The Croatian Parliament began on 18 January 2024 reviewing amendments to the criminal code tabled by the government to criminalise the unauthorised leaking of documents from criminal proceedings. The text provides for up to three years’ imprisonment for anyone disclosing the contents of “an investigative or evidentiary document”. The European Federation of Journalists (EFJ) joined its affiliate, the Croatian Journalists’ Association (CJA), in calling for the proposed legislation to be dropped, as it would have alarming repercussions for journalistic sources and the right to information.
While a paragraph has been added to exempt journalists from criminal liability, the proposed amendments open the door to the seizure and search of journalists’ communications, raising serious concerns about the protection of journalistic sources, a cornerstone of media freedom.
Prime Minister Andrej Plenković tried to reassure critics by saying that the bill “addresses the problem of the leaking of information in the non-public phase of criminal proceedings” and that it would concern judicial officials, police, lawyers and witnesses. The government announced changes to the law in 2023 after several scandals were revealed by the media and backed up by leaked communications.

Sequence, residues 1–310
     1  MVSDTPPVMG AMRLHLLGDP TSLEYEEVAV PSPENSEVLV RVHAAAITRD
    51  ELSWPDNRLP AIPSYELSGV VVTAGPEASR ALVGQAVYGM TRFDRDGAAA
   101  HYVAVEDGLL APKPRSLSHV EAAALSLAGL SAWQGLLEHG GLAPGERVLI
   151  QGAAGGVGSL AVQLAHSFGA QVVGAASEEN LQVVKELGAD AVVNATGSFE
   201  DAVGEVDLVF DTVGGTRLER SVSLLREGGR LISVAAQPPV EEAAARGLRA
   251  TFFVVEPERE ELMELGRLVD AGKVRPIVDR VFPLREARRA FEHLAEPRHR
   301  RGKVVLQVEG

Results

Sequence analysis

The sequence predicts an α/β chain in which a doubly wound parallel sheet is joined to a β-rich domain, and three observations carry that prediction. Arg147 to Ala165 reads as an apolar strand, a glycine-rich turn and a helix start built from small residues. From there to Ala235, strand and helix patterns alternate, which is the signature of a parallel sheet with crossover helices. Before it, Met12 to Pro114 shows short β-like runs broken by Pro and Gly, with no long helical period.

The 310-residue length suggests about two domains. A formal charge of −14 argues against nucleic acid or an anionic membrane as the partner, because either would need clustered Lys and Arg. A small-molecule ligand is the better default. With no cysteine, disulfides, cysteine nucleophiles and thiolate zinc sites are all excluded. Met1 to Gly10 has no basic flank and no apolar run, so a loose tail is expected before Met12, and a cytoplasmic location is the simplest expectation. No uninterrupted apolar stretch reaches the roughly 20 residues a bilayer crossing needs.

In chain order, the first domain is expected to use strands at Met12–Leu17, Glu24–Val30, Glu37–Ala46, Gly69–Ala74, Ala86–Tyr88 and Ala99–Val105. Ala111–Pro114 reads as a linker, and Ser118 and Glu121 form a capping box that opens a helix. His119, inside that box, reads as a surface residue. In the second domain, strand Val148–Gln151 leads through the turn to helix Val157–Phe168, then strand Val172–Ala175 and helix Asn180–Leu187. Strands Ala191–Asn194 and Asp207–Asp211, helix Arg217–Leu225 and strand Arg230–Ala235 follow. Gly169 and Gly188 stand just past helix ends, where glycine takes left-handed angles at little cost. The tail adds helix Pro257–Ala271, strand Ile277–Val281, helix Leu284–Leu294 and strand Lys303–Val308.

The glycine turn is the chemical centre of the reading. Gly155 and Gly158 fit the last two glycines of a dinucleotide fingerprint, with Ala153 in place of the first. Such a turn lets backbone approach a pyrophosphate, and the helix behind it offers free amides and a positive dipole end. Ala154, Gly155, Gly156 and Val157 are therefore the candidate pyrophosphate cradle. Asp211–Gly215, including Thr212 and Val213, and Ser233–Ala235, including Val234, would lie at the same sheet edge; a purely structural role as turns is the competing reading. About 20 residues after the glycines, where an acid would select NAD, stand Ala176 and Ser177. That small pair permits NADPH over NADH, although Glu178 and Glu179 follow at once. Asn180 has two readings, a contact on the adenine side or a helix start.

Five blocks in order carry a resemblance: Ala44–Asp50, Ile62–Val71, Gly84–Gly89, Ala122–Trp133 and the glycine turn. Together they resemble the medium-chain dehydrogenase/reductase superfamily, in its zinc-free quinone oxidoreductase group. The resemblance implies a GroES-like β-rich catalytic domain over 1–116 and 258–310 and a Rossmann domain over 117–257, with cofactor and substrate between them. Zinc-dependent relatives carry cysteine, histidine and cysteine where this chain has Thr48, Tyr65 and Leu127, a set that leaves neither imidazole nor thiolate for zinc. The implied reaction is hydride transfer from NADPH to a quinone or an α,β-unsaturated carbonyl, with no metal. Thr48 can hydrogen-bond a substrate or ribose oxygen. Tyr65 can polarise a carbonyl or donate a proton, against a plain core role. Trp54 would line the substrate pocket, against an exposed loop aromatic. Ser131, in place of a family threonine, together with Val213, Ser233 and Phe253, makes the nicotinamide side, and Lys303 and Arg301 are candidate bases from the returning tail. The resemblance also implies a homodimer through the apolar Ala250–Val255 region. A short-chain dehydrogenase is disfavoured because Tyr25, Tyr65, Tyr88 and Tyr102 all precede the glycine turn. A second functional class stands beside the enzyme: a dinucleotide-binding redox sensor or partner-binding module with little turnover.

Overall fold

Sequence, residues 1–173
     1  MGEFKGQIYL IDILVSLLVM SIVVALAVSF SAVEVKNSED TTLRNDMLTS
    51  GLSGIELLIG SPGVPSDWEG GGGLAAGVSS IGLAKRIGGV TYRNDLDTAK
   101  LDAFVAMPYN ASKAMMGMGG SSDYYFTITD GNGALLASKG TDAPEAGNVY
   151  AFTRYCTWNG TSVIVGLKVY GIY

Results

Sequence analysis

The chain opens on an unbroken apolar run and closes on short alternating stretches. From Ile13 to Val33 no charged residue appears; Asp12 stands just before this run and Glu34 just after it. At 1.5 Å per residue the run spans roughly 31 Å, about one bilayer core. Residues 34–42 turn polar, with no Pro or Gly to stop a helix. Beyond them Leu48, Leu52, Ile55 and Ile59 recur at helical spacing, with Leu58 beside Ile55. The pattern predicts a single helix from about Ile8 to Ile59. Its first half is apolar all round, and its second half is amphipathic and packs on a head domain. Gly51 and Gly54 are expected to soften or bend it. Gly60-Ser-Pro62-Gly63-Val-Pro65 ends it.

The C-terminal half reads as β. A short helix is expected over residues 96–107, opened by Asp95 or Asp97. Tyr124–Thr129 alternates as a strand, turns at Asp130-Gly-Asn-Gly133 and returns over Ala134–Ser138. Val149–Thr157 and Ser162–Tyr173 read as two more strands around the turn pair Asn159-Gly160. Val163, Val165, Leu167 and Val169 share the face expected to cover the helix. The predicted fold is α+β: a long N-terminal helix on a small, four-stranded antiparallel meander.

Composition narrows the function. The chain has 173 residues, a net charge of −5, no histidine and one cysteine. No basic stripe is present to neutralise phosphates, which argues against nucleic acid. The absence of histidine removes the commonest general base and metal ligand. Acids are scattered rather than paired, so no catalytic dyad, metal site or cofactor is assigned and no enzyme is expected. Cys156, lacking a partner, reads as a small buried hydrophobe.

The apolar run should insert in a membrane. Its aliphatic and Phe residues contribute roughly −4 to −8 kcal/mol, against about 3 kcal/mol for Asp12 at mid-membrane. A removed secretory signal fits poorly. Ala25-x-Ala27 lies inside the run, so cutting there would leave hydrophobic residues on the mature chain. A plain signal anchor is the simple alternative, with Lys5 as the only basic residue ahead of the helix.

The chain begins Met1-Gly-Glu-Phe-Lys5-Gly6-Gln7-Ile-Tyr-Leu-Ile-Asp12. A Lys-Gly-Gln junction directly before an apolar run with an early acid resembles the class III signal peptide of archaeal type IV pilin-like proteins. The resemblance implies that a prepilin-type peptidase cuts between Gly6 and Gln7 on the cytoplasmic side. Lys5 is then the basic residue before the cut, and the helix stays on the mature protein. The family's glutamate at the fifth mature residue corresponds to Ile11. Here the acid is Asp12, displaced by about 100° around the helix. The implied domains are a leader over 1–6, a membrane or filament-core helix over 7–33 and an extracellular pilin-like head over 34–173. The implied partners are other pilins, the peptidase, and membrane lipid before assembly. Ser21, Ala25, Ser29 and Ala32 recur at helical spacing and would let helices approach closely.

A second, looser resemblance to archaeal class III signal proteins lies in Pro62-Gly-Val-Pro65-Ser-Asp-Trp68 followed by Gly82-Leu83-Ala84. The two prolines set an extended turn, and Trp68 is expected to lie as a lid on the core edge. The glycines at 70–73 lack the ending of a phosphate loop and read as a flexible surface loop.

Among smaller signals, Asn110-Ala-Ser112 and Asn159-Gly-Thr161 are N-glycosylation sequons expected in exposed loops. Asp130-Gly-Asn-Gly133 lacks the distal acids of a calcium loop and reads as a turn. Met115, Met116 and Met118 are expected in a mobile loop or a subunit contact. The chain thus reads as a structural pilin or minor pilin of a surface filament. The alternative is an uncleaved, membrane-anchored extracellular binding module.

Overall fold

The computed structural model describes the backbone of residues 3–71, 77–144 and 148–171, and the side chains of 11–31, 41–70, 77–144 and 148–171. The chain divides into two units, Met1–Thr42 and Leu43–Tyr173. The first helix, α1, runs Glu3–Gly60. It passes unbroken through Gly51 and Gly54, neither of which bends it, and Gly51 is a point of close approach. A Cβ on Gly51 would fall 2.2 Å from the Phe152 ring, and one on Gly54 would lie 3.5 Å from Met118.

“It is essential to recognise that the potential enactment of this law could give law enforcement agencies the power to indiscriminately seize and search a journalist’s means of communication, including personal computers and cell phones,” warned Hrvoje Zovko, CJA President.
EFJ General Secretary Ricardo Gutiérrez added: “We share the concerns of the Croatian journalists and call on MPs to reject proposed amendments that will dissuade sources from speaking to journalists. The fundamental protection of sources is not a privilege of journalists. It is a condition for guaranteeing the right to information.”